Supervaluation-Style Truth Without Supervaluations
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Kripke’s theory of truth is arguably the most influential approach to self-referential truth and the semantic paradoxes. The use of a partial evaluation scheme is crucial to the theory and the most prominent schemes that are adopted are the strong Kleene and the supervaluation scheme. The strong Kleene scheme is attractive because it ensures the compositionality of the notion of truth. But under the strong Kleene scheme classical tautologies do not, in general, turn out to be true and, as a consequence, classical reasoning is no longer admissible once the notion of truth is involved. The supervaluation scheme adheres to classical reasoning but violates compositionality. Moreover, it turns Kripke’s theory into a rather complicated affair: to check whether a sentence is true we have to look at all admissible precisification of the interpretation of the truth predicate we are presented with. One consequence of this complicated evaluation condition is that under the supervaluation scheme a more proof-theoretic characterization of Kripke’s theory becomes inherently difficult, if not impossible. In this paper we explore the middle ground between the strong Kleene and the supervaluation scheme and provide an evaluation scheme that adheres to classical reasoning but retains many of the attractive features of the strong Kleene scheme. We supplement our semantic investigation with a novel axiomatic theory of truth that matches the semantic theory we have put forth.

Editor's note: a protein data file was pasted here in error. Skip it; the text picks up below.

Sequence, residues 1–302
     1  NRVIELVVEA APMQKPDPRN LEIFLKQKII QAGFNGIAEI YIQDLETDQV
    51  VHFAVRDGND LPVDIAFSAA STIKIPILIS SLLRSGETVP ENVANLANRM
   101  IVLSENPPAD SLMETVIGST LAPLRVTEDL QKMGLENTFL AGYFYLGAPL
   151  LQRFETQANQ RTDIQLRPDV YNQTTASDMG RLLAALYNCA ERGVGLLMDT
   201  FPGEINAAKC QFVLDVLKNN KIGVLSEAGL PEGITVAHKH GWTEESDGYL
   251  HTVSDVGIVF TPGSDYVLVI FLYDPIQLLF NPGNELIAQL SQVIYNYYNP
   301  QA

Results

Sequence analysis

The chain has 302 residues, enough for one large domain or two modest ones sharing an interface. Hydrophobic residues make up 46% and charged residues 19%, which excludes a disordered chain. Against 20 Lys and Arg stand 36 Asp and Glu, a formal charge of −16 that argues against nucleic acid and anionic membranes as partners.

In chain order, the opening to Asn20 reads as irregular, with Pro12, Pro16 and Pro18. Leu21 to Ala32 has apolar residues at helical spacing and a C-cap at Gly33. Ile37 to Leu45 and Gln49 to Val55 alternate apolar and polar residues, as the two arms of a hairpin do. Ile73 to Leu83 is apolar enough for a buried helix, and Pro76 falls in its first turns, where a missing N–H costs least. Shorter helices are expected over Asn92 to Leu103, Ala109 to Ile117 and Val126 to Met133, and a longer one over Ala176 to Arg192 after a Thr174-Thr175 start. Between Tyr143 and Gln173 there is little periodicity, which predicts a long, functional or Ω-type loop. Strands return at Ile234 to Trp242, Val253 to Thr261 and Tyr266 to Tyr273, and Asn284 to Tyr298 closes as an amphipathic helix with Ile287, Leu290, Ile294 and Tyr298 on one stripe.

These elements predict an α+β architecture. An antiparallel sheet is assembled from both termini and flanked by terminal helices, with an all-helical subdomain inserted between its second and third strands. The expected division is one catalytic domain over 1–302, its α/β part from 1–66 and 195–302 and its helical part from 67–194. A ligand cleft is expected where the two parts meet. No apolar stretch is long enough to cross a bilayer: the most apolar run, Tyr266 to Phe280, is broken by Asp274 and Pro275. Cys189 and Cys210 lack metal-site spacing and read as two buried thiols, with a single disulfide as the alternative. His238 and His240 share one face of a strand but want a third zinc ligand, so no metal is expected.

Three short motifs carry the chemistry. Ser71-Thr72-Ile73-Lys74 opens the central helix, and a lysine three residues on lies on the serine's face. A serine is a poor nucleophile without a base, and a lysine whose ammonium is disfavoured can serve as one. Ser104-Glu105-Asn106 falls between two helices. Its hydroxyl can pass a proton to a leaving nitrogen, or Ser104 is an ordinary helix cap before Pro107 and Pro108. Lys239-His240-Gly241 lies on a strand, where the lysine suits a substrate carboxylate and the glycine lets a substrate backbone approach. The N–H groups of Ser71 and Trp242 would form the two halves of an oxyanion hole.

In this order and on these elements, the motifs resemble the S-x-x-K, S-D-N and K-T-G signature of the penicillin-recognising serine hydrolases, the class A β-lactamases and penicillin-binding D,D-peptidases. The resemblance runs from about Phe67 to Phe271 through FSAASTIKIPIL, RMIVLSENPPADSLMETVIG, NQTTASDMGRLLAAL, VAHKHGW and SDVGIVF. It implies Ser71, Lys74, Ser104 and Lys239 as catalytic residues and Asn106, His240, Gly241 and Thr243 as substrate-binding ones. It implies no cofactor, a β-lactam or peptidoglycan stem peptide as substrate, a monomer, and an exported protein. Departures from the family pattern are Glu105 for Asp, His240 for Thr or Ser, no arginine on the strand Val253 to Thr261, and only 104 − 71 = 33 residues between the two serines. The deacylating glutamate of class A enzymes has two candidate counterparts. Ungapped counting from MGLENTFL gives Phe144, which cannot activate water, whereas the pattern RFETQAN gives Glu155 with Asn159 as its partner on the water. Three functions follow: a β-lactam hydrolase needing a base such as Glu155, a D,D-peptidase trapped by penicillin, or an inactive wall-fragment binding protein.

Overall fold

KeywordsTruth Supervaluation Grounded truth Kripke’s theory of truth Axiomatic theories of truth Strong Kleene
This work was supported by the DFG-funded research project Syntactical Treatments of Interacting Modalities, the German BA, and by the European Commission through a Marie Sklodowska-Curie Individual Fellowship (TREPISTEME, Grant No. 703529). I wish to thank Catrin Campbell-Moore, Martin Fischer, Carlo Nicolai, Philip Welch and two anonymous referees for helpful comments on and discussion of my paper. Early versions of this paper were presented at Bristol, Bath, and Munich. I thank the audiences for their feedback.
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